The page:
Media Outlets Struggle To Describe White House Chief Of Staff Bill Daley’s Demotion

Media Outlets Struggle To Describe White House Chief Of Staff Bill Daley's Demotion 

The nation is just waking up today to learn the rather huge political news that Chief of Staff Bill Daley‘s role at the White House is changing, with many outlets reporting that he is moving into a more of a “big picture” or “ambassador” role in the Obama administration. The news of Daley’s evolving role at the White House, however, is just about as unclear and muddied as the administration’s detractors claim the White House policies to be; is he being demoted? Is this move a recognition by President Obama that the last 11 months under Daley have been a political mess? Media outlets have all reported Daley’s new role in different ways, which might provide more insight if we look at them as a whole.

Day-to-day operational duties are reportedly going to Pete Rouse, who filled in when Rahm Emanuel left the job for a successful mayoral bid in Chicago. Rouse is reportedly very close to Obama, and many insiders look back at the interim period in which Rouse served as Chief of Staff as a favorable period for the President. Specifically, this was the brief period, following last year’s mid-terms, in which Obama got a number of key legislative victories, including the extension of unemployment benefits, the START treaty and the repeal of Don’t Ask, Don’t Tell. Daley was announced as the new Chief of Staff in the first week in January.

The specific role of Chief of Staff is different under every administration, though it is considered to be one of, if not the, most important roles in the White House. And if one accepts the current conventional wisdom that the last year has been a tough political one for President Obama, it’s not unreasonable to see Daley’s new role as a result of some potentially embarrassing gaffes. Even the most straight reports on Daley’s new role, however, have not come out and called this a demotion.

Wall Street Journal‘s Carol Lee broke the story, and she led with recent White House missteps:

William M. Daley was hired to help resuscitate Barack Obama’s presidency after deep Democratic losses in 2010. Ten months into his tenure as chief of staff, Mr. Daley’s core responsibilities are shifting, following White House missteps in the debt-ceiling fight and in its relations with Republicans and Democrats in Congress.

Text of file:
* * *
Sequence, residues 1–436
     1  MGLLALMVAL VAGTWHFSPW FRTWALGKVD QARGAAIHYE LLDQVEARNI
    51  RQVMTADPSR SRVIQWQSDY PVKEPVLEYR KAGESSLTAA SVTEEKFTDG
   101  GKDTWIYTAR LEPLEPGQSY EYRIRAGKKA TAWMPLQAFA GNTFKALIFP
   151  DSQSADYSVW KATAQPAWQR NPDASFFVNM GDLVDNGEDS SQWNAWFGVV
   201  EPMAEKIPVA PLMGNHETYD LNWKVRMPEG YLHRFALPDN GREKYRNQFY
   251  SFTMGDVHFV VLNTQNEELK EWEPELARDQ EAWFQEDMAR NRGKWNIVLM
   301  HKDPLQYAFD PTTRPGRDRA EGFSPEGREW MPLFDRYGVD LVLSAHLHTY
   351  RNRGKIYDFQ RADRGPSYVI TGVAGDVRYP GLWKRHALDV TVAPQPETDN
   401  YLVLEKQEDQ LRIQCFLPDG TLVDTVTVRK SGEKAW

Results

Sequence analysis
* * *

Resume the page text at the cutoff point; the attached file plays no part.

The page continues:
On Monday, Mr. Daley turned over day-to-day management of the West Wing to Pete Rouse, a veteran aide to President Obama, according to several people familiar with the matter. It is unusual for a White House chief of staff to relinquish part of the job.

A senior White House official who attended Monday’s staff meeting where Mr. Daley made the announcement said that his new role has not yet been fully defined. But in recent weeks, Mr. Daley has focused more on managing relations with influential outsiders.

Politico’s Glenn Thrush cited Lee and piled on:

Daley’s relationship with some of his West Wing colleagues has been strained, and many pined for Rouse, who served as a bridge between the volatile Rahm Emanuel, now the mayor of Chicago, and Daley, the son and brother of Chicago mayors — who assumed office just ten months ago.

Earlier this year, White House aides told POLITICO they were frustrated with Daley’s top-down management style and insistence that mid-level aides be cut out of some meetings.

Fox News’ White House Correspondent Ed Henry actually calls the role reassignment a demotion, getting an unnamed source to agree with that assessment.

The adviser confirmed a Wall St Journal report saying Daley was being demoted to make way for Pete Rouse, a close ally of the president dating back to his days as Obama’s Senate Chief of Staff. He served as acting White House Chief of Staff until suggesting the full-time job go to Daley, who came aboard early this year to help shore up the president’s standing after a bruising midterm election.

The Obama administration has had some big victories in the last year, though most have been from the realm of foreign policy. The domestic political landscape in the last year has been far less friendly to the White House, in particular a remarkably inimical relationship with Congressional leadership. Considering the botched scheduling of the joint session speech from early September, and what many see as a consistent capitulation to an obstructionist House GOP, the Daley era did not seem to be working. Only history will tell us if that’s because of Daley or others in the White House, but until then, we now are (re)entering the Pete Rouse era in the Obama Administration. What Bill Daley will do — even if he is still the Chief of Staff — remains to be reported.

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